KENYA: Telkom in push to have cross-network agent dealings
Telkom Kenya is pushing for implementation of agent and merchant interoperability to ease the process of cross-network transfers.
This year, telcos in Kenya implemented technical interoperability — where users are able to send and receive money directly from or into their accounts across the different networks, seen as the first step in levelling the playing field.
“Technical interoperability is just 10 per cent of what needs to be done to ease the process of cross network transfers. There is need for agent and merchant interoperability,” said Telkom Kenya Chief Executive Mugo Kibati in an interview with the Sunday Nation.
If implemented, agent and merchant interoperability would mean that customers for example, on T-Kash will be able to withdraw funds from Safaricom’s M-Pesa or Airtel Money agents and vice versa.
“We need to get to a threshold where agents make money from the float. If this is not doable, then the agents will not allocate float to other players beyond the dominant player,” said Mr Kibati.
Similarly, he stated that the merchant system should be integrated as is the case of the banking system. Despite having a smaller customer base in terms of card usage, customers are able to swipe their cards at pay points regardless of the bank running the merchant’s card reader (PDQ machine).
The integration of wallets, merchants and agents is seen as a first step to evening the playing field that currently has Safaricom dominating the telephone, mobile money and mobile Internet subscriptions in the country.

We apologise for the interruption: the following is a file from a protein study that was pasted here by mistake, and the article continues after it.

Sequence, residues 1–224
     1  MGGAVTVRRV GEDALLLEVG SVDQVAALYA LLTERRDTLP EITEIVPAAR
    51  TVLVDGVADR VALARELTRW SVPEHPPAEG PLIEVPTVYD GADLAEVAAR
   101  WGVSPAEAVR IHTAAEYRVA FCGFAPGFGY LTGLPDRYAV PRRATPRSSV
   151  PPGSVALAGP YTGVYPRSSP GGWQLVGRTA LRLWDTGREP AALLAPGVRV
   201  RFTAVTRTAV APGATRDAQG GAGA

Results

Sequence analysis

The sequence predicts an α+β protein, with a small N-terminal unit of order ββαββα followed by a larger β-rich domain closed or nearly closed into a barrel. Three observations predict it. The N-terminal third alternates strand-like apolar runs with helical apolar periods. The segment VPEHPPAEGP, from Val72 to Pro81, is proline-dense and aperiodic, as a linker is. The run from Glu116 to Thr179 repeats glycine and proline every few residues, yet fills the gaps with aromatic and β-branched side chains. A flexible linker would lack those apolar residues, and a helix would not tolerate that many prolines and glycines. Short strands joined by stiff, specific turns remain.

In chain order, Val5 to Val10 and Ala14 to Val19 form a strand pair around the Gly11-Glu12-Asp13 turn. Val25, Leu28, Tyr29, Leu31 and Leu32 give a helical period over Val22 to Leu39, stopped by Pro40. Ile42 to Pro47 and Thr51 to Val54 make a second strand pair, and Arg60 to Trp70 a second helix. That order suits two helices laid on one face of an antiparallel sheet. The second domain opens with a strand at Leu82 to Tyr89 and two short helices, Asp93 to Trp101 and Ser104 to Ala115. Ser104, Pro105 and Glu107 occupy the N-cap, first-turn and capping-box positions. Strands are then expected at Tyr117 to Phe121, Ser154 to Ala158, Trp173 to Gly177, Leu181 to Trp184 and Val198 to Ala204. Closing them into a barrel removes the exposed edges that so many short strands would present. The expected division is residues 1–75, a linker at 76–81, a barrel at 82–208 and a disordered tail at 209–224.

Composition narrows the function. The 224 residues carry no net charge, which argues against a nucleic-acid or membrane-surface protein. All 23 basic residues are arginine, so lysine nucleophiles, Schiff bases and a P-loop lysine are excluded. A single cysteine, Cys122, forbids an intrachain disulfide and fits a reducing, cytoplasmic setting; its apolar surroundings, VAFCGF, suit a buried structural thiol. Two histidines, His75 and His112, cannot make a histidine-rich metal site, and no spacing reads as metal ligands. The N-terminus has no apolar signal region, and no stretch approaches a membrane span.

According to Mr Kibati, the market dominance by a single operator in the telecommunications industry should be broken as recommended by advisory firm Analysys Mason to foster innovation in the industry.
“There is need to implement the dominance report. Customers suffer when the dominant player is so deeply entrenched,” said Mr Kibati.
The government pushed for the seamless cross-network transfers to help level the market and reduce Safaricom’s dominance, ICT Cabinet Secretary Joe Mucheru said when the service was launched.
This however has not been the case as data from the Communication Authority showed that the introduction of cross-network money transfers via mobile phones in April has failed to cut M-Pesa’s dominance.
The reduced cost and ease of receiving cash across networks has not eased M-Pesa’s grip of the money transfer market, which moved Sh2.03 trillion in the three months to September.
The Treasury in 2016 identified technological disaster in the M-Pesa-dominated mobile money sector as a potential fiscal risk for Kenya, saying a blackout on the platform could cost the government “substantial” losses in corporate tax revenue.
The worst case scenario has played out month after Safaricom was hit by an outage estimated to have cost the economy billions of shillings.
A similar outage hit the provider in July and April 2017 cutting off communication for users on the network, pilling pressure on the industry regulator to get a solution.